Water samples obtained from the clarifier effluent were clearly cleaner than the initial raw process water, and acceptable levels of clarity were achieved via continued processing.

Once the effectiveness of the clarification process had been confirmed, treated samples were acquired and tested using the test protocol employed in Stage 1.

A sludge sample was also sent for benzene analysis to ascertain any risks from the sludge and determine whether this should be considered hazardous.

Sludge production rates were quantified by coagulating, flocculating and then filtering defined volumes of process water. Filtered samples were wrung dry before being air dried for a number of days, and both wet and dried samples were weighed.

Regenerative Thermal Oxidizer for Industrial Wastewater Treatment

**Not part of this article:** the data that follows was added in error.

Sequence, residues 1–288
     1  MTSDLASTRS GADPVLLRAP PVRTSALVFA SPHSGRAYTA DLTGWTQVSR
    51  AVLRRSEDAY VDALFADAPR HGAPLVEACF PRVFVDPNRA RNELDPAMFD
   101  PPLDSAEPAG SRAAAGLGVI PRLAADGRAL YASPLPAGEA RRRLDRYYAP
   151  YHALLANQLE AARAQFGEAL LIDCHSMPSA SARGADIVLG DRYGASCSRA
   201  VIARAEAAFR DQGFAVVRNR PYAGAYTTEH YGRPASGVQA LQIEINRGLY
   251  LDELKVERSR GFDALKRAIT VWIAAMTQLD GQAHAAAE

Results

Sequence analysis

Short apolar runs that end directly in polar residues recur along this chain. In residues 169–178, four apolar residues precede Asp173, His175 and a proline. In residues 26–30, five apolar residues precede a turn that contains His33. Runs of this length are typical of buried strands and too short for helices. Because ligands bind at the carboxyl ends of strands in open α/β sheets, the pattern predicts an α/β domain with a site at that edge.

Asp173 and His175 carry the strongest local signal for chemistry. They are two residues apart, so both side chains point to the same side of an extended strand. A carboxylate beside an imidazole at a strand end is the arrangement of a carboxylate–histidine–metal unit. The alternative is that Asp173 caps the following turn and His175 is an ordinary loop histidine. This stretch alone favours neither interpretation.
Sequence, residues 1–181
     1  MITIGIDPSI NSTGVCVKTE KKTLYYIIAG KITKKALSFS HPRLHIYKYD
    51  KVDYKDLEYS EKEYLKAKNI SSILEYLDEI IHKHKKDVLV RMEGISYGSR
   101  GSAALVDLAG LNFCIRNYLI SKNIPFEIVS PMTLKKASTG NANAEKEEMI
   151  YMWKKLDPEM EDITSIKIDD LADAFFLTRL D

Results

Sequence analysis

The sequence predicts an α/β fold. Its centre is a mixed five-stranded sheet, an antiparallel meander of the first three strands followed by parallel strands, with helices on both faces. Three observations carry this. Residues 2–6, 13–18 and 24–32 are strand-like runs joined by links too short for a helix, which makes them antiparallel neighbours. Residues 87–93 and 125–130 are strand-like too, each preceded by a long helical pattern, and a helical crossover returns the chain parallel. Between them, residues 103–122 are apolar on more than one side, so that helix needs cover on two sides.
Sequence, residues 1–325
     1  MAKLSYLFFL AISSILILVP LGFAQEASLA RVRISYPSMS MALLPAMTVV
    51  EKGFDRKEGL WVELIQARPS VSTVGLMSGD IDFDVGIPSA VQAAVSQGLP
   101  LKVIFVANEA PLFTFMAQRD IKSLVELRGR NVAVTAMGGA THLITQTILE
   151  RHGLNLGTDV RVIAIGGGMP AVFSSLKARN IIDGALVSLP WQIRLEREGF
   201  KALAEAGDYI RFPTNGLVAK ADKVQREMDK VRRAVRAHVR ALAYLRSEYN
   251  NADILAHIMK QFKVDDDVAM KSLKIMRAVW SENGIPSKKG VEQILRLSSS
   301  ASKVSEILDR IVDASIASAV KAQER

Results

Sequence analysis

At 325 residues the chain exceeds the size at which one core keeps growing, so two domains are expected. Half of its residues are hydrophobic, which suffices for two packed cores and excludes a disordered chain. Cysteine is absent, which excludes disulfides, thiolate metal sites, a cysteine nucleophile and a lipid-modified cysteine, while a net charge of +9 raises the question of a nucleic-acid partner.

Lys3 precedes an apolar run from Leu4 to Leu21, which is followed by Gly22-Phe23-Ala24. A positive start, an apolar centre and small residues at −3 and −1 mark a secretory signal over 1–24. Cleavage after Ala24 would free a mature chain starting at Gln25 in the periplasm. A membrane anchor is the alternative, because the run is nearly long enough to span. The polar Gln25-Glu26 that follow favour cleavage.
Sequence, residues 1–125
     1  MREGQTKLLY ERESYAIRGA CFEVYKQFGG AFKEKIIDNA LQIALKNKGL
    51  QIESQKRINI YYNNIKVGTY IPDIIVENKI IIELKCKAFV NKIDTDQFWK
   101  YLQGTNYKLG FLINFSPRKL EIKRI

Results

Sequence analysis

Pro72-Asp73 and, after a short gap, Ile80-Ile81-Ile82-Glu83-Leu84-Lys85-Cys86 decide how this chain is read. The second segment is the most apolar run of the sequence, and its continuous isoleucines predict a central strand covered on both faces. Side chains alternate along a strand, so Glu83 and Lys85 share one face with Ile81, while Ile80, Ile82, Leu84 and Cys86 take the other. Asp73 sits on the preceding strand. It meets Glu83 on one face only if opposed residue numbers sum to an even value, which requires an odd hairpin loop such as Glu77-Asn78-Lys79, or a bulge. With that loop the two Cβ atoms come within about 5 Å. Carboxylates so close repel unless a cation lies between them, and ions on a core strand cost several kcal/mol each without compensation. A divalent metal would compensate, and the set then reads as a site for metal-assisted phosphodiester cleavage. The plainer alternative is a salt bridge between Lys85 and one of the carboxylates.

Image Credit: Anguil Environmental Systems

Pilot Test Results

Qualitative and quantitative results from these measurements were in line with the customer’s expectations and treatment goals. The chemical coagulation protocol and clarifier employed in the pilot achieved an 85% or greater DRO reduction alongside an 80% reduction in TSS.

Anguil recommended using a ballasted floc system in the final treatment system to accommodate the design flow rate of 65 GPM.

Therefore, an additional set of samples was acquired for ballasted floc testing, achieving similar DRO removal rates while improving TSS reduction to under 1 NTU.

The customer asked Anguil to recommend a sludge dewatering system in response to a review of sludge production rates and its classification as potentially hazardous.